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Expertise Needed: Sick of film and chemicals

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  • Expertise Needed: Sick of film and chemicals

    I am the prepress tech/graphic designer at a medium sized company that manufactures and prints CDs and DVDs. We currently use macs running OS 10.4, print our proofs on a xerox 7750 color laser printer. Film is output using a Agfa Accuset 1000 plus imagesetter, HqRIP 7.0. Agfa film and chemicals. We offer 2 different types of on disc printing, silkscreen and offset. The offset press is a Lamin HW-430, the silkscreen presses are ancient Hanky and Roto presses. We silkscreen print at 120 lpi on Sericol Xtreme screens and the offset press is capable of 175 lpi printing, though the most we get from our imagesetter is 150 lpi.

    The company isn't going to make the investment in CTP, so what I would like to do is use the same printer that we print our proofs on to also print transparencies that we can use for offset and silkscreen. I think it would greatly improve the quality of our proofs as well as save us a lot on film and chemicals as well as improve our color management. Can somebody recommend a printer (it would have to be inkjet, right?) and rip software that could handle positive transparencies at 120 line for silkscreen as well as 150 (or better yet, 175 line) negatives for both our printing types? I've only just begun investigating this, and thought this would be a great place to get some advice.

    Thanks,

    Doug S

  • #2
    Re: Expertise Needed: Sick of film and chemicals

    I don't think you can get screen from an inkjet or laser printer!
    Let alone printing on transparent film!

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    • #3
      Re: Expertise Needed: Sick of film and chemicals

      Xante has produced laser printers that can quite easily produce film for positives or litho negatives for several years now. The quality is limited only by the resolution limitations of the machine, and some are able to output at 2400 x 2400 dpi. This makes a 150 line screen useable in a negative, thanks to another feature (NEIT) that prevents fine detail from filling in. The down side is, you still need a chemical. The film needs to be run through a one bath daylight processor to enhance the density to a level that makes clean plates. Most users who have this feature on the PlateMaker series, don't use it much, because it is easier and more chemical free to just do the output directly on a polyester plate.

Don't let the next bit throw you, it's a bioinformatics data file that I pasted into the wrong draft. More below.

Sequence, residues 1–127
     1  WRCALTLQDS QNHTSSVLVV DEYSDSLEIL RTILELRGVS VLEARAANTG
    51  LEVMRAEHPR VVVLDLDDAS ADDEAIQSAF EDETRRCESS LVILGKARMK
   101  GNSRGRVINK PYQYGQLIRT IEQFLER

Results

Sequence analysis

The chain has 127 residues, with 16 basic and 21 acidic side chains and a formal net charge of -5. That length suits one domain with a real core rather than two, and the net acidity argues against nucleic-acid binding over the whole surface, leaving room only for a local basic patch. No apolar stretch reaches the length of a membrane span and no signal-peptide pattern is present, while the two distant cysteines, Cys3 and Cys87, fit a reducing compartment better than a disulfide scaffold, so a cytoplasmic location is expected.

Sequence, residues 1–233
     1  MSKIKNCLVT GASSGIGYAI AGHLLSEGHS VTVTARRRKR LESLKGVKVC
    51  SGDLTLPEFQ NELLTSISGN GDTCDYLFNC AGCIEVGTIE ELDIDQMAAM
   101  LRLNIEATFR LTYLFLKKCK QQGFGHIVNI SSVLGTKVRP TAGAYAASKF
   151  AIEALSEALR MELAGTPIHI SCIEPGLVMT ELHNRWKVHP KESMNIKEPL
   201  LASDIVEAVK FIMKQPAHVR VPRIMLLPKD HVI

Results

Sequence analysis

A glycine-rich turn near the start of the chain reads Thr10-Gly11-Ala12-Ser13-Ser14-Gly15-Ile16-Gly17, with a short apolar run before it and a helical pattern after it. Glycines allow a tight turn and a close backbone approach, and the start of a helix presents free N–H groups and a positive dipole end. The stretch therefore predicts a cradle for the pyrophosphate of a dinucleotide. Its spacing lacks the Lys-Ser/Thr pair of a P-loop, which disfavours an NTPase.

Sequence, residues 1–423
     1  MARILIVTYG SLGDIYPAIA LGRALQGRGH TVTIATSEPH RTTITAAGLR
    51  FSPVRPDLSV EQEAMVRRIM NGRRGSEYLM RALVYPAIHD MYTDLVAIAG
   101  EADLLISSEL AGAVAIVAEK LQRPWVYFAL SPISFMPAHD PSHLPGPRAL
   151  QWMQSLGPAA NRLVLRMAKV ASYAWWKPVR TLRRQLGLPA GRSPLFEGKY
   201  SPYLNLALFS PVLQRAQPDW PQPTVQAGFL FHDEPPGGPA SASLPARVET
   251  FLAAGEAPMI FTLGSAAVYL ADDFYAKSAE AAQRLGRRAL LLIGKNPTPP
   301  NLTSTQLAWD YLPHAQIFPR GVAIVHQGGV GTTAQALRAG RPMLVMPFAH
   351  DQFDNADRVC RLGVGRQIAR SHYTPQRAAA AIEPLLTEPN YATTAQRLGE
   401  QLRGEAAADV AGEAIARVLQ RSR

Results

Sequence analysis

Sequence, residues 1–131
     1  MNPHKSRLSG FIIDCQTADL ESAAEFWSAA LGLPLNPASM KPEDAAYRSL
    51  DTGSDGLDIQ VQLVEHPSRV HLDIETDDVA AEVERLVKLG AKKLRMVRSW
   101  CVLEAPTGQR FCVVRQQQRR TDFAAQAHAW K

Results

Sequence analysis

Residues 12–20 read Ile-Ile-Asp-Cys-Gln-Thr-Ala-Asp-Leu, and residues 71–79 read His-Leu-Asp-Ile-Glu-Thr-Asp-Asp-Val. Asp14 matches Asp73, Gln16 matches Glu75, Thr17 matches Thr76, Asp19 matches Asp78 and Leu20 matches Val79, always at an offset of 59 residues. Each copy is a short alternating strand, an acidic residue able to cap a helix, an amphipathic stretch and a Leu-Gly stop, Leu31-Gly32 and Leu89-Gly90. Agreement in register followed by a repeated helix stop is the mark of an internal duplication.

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      • #4
        Re: Expertise Needed: Sick of film and chemicals

        Blair, thanks for telling me about Xante. I looked at their website and they have a new printer called the PlateMaker 5... does anybody have any experience with this?
        http://www.xante.com/products/pm5/

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        • #5
          Re: Expertise Needed: Sick of film and chemicals

          Blair Wolfe wrote:
          "...because it is easier and more chemical free to just do the output directly on a polyester plate."

          Since when is a polyester plate easy and "more" chemical free? My experience with polyester was that it was not terribly stable and certainly requires some dirty chemicals. Have things changed?

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          • #6
            Re: Expertise Needed: Sick of film and chemicals

            We have owned, operated and serviced every version of Polyester PlateMaker Xante has made. (We are a dealer) There is not much new or different in the PlateMaker 5, we have one, and it mainly makes plates, but we produce film for a nearby printer who wants to make metal plates, and he is quite happy with it.

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            • #7
              Re: Expertise Needed: Sick of film and chemicals

              It sounds like your experience with Polyester plates is with the camera or processor versions from years go by. I am refering to polyester plates imaged in a 2400 dpi laser printer, dry, and mounted on the press with nothing other than dampening solution. We have run thousands of these. The down side for some shops is the 13" limit on width, so you can only run them on a press up to the size of a Quickmaster, and don't expect to get much more than 15000 off a plate before it wears out. The best part is how quickly a plate can be made and mounted, no striping, processing, gumming, etc.

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